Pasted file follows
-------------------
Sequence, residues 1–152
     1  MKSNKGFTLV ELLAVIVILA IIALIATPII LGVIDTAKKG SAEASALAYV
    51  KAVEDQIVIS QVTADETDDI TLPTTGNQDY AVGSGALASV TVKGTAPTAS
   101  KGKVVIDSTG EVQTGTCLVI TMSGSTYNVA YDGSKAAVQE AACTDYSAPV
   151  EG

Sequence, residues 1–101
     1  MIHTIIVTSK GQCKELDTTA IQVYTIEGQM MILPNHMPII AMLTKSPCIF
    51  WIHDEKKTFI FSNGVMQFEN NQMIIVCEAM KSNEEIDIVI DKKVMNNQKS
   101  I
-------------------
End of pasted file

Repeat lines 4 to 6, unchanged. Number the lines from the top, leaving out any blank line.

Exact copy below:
   101  KGKVVIDSTG EVQTGTCLVI TMSGSTYNVA YDGSKAAVQE AACTDYSAPV
   151  EG

Sequence, residues 1–101